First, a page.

In the next few posts we will talk about academics, research, apologetics, faith, cognitive dissonance, whitewashing, and other related issues. If you have a question along these lines, leave a comment to this post and we'll see about bringing it up. My purpose isn't to talk about plural marriage, but about how difficult issues in general are dealt with in a faithful and an academic context.

Smith received a degree in medical school after also studying physiology and English at the University of Alberta. He completed his medical residency in Montréal, Québec before becoming an "old-style country doctor" in rural Alberta with interests in internal medicine and psychiatry. Due to his research interest in plural marriage he has spoken to the Miller-Eccles study group and published articles in the FARMS Review.3 He also volunteers for FAIR and has written many FAIRwiki pieces.



FOOTNOTES

[1]
Some academically-minded members of the Church seem more reluctant to share expressions of faith and desire to "stick to the facts" so to speak. On the other hand, some LDS scholars have discussed more personal aspects of their research, including Richard Bushman (On the Road With Joseph Smith: An Author's Diary), Ronald W. Walker (“Joseph Smith, The Palmyra Seer"), Eugene England ("Enduring"), Leonard Arrington (Adventures of a Church Historian), Davis Bitton ("I Don't Have a Testimony of the History of the Church"), and Richard D. Poll (History & Faith: Reflections of a Mormon Historian).   

[2]
See Greg Smith, "Everything You Always Wanted to Know About Plural Marriage (but were afraid to ask)," Presented at the eleventh annual FAIR Conference, 7 August 2009. Smith's quotes in this post are from the transcript of Smith's presentation here.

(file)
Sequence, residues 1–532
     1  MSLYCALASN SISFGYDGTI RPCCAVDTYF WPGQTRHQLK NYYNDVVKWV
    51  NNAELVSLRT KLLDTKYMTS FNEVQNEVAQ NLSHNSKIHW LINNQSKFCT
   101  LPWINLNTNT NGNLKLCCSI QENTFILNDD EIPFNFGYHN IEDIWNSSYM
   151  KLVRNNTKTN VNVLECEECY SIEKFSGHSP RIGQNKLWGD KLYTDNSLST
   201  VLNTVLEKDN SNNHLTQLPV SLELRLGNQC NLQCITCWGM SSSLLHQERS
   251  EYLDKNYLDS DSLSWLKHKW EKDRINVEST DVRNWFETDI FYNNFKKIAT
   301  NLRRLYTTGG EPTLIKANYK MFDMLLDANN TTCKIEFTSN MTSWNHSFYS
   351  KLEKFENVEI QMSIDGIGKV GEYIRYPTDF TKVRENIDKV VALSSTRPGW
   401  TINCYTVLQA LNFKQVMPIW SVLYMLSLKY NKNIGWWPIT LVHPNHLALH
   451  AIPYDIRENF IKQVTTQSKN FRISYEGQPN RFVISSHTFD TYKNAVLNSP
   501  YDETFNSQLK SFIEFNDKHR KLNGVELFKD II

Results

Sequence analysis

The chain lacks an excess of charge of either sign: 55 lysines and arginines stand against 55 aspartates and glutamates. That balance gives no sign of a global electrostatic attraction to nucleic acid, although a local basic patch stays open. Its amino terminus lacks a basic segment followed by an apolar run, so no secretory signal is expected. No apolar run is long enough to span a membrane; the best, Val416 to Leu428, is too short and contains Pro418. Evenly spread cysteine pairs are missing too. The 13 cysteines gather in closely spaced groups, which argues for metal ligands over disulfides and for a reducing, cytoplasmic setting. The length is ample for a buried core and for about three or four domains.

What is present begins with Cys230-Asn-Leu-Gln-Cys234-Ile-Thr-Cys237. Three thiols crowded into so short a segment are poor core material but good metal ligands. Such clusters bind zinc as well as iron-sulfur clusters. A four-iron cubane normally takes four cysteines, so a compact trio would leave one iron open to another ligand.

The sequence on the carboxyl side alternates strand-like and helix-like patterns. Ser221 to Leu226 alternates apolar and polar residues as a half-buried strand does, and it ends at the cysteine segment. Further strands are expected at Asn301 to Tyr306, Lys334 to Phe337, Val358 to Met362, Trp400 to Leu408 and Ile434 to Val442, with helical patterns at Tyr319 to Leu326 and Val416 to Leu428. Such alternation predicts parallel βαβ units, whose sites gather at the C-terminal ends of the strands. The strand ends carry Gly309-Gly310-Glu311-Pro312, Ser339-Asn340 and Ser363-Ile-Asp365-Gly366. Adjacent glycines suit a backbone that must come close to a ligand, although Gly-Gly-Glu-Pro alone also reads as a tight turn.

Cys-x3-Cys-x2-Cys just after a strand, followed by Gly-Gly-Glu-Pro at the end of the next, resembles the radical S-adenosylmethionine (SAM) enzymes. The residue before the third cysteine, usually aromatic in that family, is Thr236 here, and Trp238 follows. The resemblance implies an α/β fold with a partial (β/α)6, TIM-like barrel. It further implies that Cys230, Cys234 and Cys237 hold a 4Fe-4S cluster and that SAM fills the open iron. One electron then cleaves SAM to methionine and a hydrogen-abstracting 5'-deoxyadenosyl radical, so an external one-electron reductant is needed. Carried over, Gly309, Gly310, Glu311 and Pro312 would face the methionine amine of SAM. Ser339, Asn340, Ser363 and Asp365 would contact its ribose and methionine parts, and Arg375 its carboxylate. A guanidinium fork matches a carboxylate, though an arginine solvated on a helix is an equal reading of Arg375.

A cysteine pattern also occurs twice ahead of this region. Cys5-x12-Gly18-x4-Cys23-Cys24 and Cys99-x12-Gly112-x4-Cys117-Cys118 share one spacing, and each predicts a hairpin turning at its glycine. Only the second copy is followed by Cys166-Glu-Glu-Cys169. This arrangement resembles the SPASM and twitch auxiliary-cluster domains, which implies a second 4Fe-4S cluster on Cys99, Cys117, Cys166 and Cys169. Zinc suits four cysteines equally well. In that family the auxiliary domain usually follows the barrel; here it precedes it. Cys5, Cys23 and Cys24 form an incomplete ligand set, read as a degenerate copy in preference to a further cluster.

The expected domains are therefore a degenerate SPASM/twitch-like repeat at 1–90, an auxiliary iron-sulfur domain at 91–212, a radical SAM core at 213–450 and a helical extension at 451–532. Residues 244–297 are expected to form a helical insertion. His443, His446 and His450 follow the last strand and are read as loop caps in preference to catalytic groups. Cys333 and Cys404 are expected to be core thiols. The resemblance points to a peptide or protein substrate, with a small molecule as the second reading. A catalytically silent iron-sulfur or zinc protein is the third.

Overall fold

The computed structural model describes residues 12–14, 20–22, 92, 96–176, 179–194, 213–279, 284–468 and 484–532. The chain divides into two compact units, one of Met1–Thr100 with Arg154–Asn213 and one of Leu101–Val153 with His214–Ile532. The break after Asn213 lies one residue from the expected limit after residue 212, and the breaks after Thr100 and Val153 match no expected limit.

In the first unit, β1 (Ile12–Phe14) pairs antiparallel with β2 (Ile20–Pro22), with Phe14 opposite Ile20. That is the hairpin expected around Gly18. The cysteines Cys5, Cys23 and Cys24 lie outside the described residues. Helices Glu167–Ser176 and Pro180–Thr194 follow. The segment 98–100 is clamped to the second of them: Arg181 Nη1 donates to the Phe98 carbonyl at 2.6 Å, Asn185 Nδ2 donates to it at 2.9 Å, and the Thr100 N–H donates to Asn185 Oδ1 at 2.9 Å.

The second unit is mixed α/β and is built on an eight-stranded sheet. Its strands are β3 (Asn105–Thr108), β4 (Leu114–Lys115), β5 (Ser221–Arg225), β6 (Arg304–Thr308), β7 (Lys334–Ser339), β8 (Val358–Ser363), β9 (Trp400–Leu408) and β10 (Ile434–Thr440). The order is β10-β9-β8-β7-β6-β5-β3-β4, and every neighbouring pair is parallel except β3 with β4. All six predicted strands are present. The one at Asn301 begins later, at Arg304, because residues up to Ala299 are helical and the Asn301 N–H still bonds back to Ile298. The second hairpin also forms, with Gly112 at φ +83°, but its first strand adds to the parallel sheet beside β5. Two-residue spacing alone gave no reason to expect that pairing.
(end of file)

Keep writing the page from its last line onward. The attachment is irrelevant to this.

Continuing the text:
[3]
See Gregory L. Smith, "'Days of Miracle and Wonder': The Faith of Sam Harris and the End of Religion," FARMS Review 20:1 and "George D. Smith's Nauvoo Polygamy," FARMS Review 20:2. 

8 comments:

Kevin Barney said...

Greg's presentation was absolutely terrific. I look forward to the series.

Kent (MC) said...

This will be a good one. Thanks for your work here!

Sanford said...

Blair, it was nice to meet you, if only briefly, at Sunstone. I look forward to your discussion with Greg Smith and admire his efforts to understand Polygamy for himself.

Perhaps you could discuss the distinction between faith and knowledge. My bishop told our congregation the other day that there is no room for doubt in the Church and that we should not have any. This really had me scratching my head and since then I have been wondering if what my Bishop actually meant was that there is no room for faith in the church -- only knowledge. I lean toward this explanation because I tend to see faith and doubt as different sides of the same coin -- and if there is no room for doubt there is no room for faith. Perhaps Greg might have some thoughts about how his explorations have impacted his faith and or knowledge and what those notions mean to him.

BHodges said...

Thanks, Sanford, that's a topic we'll definitely discuss. In the meantime, I did two blog posts on doubt last year you might like.

See:
http://tinyurl.com/6y8k8o

and

http://tinyurl.com/5fj7e7

rameumptom said...

I look forward to this.

Just a few weeks before the FAIR Conference (which I could not attend), my wife was reading Rough Stone Rolling, and was visibly shocked about the marriages of Joseph to married women. We had some long talks on it, and it was not always easy. I too, had to go back to the concept of: no one in his right mind would have done these things. Joseph did difficult things demanded of God, and we are now responsible for dealing with the after effects and knowledge concerning it all.

I'm seeing that a discussion on this will be important, as there are various things that can shock the brain and system. But how do we consecrate the brain and heart in such a way that it can endure unexpected shocks?

Gerald Smith

BHodges said...

Gerald, I'll include your thoughts in the interview and see where we go.

Kevin Christensen said...

A particularly excellent post. Very thought-provoking and uplift.

Thanks.

Kevin Christensen